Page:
Joe Corallo: Critical Thinking
Last week I picked up a copy of Motor Crush #1, the new Image comic with all the buzz, created by the team that brought us the Batgirl of Burnside, including Brenden Fletcher, Babs Tarr, and Cameron Stewart. Part of what motivated me to pick up this comic was the report at Bleeding Cool that some retailers admitted that they did not order Motor Crush for their stores because they didn’t think their customers would buy a new comic with a black female lead.
I got around to reading this comic a few hours after picking it up, and it really was a good, fun time. We follow the sci-fi adventures of racer Domino Swift as she fights biker gangs and the world around her of both legitimate and illegal racing is fleshed out before us. Other than perhaps getting a little lost reading one or two of the action sequences, it was a smooth and enjoyable read.
No one attached to the book is black. The entire creative team and the editor, Jeanine Schaefer, are white. The letterer, Aditya Bidikar, is Indian which is important as we don’t have enough Indian voices in Western comics. This does, however, leave the book without a single black voice attached.
Is that important?
It can be for a few reasons, one of which is related to how comics compares to other media. In prose, you’re often dealing with an author and an editor so you have little room to add more voices. When it comes to television and film, you have much larger groups of people working on them and the characters are played by real people. Maybe the creators are all white, but if the characters are black, they’re played by real people who can be admired and idolized who can benefit from that in their careers and inspire other people to be actors. In comics, particularly mainstream American comics, you can easily end up with teams of between four and a half dozen or more working on a single story. If a team that isn’t black is making a comic with a black protagonist you have a situation where only non-black creators are making financial and professional gains from a book while many black and other marginalized creators aren’t getting the same levels of press and encouragement.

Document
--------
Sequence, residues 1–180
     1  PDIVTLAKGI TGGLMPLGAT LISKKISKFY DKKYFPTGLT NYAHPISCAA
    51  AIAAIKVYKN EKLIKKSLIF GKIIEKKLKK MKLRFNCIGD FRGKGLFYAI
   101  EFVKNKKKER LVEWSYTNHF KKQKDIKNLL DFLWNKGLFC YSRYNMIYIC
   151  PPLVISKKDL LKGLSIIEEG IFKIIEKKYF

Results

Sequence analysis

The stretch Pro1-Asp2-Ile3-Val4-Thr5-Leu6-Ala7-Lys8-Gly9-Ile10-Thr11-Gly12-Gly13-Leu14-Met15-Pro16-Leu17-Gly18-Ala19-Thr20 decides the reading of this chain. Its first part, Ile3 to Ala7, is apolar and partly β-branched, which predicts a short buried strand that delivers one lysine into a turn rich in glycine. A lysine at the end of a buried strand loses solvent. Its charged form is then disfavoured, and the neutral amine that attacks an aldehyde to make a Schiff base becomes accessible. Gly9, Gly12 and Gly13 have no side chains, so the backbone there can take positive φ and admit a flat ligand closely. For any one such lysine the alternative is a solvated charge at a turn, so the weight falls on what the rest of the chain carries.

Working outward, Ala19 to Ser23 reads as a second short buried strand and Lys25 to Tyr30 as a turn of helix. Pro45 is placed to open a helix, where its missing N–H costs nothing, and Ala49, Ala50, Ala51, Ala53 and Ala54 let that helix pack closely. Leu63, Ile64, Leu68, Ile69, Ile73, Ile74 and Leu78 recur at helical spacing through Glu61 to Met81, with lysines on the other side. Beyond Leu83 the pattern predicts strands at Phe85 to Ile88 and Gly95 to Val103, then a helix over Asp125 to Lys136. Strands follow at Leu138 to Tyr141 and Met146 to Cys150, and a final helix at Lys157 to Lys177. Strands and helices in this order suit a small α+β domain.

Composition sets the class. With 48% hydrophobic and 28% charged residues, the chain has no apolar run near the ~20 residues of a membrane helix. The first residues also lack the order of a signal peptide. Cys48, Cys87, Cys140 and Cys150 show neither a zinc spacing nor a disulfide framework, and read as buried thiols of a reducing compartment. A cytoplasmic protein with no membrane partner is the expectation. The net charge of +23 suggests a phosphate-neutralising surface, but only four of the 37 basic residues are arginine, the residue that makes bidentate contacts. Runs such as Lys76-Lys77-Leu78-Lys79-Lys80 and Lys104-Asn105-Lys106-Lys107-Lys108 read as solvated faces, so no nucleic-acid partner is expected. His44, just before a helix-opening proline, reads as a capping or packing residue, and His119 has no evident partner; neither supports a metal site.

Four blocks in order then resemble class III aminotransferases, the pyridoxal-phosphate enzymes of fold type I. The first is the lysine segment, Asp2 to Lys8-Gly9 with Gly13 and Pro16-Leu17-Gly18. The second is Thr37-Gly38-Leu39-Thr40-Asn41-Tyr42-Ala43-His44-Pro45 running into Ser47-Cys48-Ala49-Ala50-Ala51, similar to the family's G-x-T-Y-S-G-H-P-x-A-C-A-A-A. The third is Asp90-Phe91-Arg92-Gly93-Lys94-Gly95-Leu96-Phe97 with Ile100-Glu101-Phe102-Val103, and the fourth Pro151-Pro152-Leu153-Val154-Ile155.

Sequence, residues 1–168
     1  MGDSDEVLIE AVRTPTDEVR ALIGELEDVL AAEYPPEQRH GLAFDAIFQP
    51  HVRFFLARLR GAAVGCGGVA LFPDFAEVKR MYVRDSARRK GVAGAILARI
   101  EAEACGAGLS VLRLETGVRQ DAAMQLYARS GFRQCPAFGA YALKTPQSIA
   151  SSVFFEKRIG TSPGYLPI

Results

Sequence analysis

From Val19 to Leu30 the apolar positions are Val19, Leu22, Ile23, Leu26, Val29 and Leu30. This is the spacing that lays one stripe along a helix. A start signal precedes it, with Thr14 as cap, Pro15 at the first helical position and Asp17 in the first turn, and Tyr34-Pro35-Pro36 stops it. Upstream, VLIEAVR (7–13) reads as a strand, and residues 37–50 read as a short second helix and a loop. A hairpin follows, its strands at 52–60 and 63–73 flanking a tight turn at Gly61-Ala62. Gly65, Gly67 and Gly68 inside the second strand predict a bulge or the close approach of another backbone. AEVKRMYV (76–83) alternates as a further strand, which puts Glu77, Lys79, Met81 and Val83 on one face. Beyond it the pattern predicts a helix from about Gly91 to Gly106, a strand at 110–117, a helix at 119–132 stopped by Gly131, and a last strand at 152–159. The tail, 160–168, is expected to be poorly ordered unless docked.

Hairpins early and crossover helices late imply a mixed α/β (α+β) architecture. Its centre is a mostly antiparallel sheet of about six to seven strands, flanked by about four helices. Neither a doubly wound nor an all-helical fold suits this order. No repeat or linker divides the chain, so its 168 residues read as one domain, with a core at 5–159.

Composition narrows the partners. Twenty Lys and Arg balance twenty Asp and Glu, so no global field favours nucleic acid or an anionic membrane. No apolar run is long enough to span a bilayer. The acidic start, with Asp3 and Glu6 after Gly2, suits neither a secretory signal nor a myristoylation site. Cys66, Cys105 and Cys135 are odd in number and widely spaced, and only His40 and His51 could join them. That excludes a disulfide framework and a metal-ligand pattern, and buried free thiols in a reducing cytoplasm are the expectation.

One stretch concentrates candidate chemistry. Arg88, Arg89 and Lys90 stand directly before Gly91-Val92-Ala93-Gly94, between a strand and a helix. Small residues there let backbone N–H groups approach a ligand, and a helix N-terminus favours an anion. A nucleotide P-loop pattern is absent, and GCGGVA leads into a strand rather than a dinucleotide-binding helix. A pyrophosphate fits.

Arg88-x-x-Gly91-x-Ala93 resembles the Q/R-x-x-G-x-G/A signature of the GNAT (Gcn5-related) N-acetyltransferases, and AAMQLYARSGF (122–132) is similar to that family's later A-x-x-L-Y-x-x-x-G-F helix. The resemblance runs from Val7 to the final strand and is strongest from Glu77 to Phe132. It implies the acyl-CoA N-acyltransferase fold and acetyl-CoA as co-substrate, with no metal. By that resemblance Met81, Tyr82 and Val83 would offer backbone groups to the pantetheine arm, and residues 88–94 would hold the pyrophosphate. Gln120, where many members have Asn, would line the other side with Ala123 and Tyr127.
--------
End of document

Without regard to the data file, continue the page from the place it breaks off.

Also worth considering: this team in particular is the same team that was involved in the horrifyingly transphobic and misguided Batgirl #37. That issue is so infamous to me I didn’t even have to look up the issue number; I just know it. The team created a terrible villain using dated trans tropes that disgusted me to the point where I didn’t read anymore of that Batgirl run until issue #45 to read Alysia’ Yeohs wedding – and that wasn’t enough to bring me back in. The damage was done.
The team apologized for the events of issue #37 and the collected edition was edited to remove some of the most damning content. Do I believe we have to chase every creative team out of comics who make big mistakes like this? Absolutely not. However, that doesn’t mean I’m going to trust that creative team with handling certain characters outside of their own experiences. Sometimes it’s important to have a team with people from a community you want to do a comic about to avoid a Batgirl #37 situation.
To a lesser extent, but with more consistency, we saw this happen with Iceman in different X-Men comics the last couple of years. I’ve been critical of how Iceman has been handled by Bendis as well as Lemire and Hopeless. Now Marvel is moving in a new direction with Sina Grace, a queer man, at the helm on the new Iceman solo series. Though the series isn’t out yet, I’m familiar with Sina’s other comics works and this seems like a step in the right direction.
There are also examples of comics that do have representation on the teams that have been wildly successful. Another title at Image, Bitch Planet, has been a big hit. Though Kelly Sue DeConnick is mostly writing women of color, her co-creator is Valentine De Landro, a black creator whom I’ve been a big fan of since his tenure on Peter David’s X-Factor, and the two of them together pulling from their own knowledge and experiences have crafted a brilliant comic that towers above most of what you’ll find one the shelves and spinner racks. Without a black voice behind Bitch Planet we might be getting a very different book that could easily be missing those high notes.
While I do believe it is important to have at least some representation in your comic of the people you’re writing about, it’s still possible to put out a good comic without that. Motor Crush #1 is a fun read and is worth considering. If supporting black characters in comics is important to you, definitely give this a chance. If supporting women in comics is important to you, Babs Tarr and Jeanine Schaefer are worth supporting. If supporting creators of color is important to you, you’re gonna have to look elsewhere.